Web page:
The experience of learning to embrace one’s own self, to be loved and love others in return resonates widely throughout the queer community. It is generally a welcoming environment to those questioning their place in the world, where understanding friends will embrace whatever name or pronouns you choose to identify with. My queer friends gave me the space I needed to explore and accept myself for who I am.

That same kind of space allows Cardia to grow and gain a sense of autonomy. She starts off incredibly naive, unsure of herself, and nervous around other people. She had been sealed away all of her life, after all, and what few interactions she had with the outside world were negative. All she knew was the hatred of others, and the unfulfilled promise that her father would eventually return for her.

Once she travels to London, she starts to understand more about the world around her and grow as a person. More experienced and knowledgeable, she sees how she can take a more active role in her life and others’. She battles foes, flies an airship, and even blows a man out of a cannon. She goes from a “doll” to a fully-fledged person with an active role in her own life, now eager to find her father herself rather than just waiting to be found.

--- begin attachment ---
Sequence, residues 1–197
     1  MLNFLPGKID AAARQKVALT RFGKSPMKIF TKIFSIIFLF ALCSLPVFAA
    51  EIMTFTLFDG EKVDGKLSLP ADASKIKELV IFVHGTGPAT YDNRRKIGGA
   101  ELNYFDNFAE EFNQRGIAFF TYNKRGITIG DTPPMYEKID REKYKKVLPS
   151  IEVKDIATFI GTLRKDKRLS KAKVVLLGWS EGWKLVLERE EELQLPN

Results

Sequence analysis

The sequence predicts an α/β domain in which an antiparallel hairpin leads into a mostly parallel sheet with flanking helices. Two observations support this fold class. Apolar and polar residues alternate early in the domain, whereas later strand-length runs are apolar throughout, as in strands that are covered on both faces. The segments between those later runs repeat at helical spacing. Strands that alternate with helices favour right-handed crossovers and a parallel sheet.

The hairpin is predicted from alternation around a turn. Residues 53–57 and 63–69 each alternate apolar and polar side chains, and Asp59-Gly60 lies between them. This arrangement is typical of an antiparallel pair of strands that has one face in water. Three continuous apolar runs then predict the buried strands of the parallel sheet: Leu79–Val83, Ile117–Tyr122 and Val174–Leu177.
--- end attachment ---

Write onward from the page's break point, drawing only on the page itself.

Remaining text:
Impey speaks to a girl wearing a tiny top hat and cinnamonroll buns on her head inside a dark chamber filled with grotesque science experiments. "The only person you can decide what the 'true form' and 'real identity' for is yourself! Nobody else gets to say that!"

As she becomes a stronger person, she becomes capable of helping not just herself, but others, in ways that weren’t possible when she was just a “doll”. When Van Helsing tries to push Cardia away, also believing himself to be a monster, Cardia refuses to leave him. She can advocate for herself, asking to be taught how she can help rather than how her friends can protect her. She won’t go back to not having a say in her life.

Though I can’t personally relate to being “doll-like,” I can relate to that journey of self-discovery. It’s through that journey that we discover the queerness within ourselves and unlock a part of our personhood we weren’t privy to before. Through that, we become our true selves, the person we were meant to be from the start. That new selfhood empowers us to make decisions about who we want to be that we might have passed up before due fear of being found out.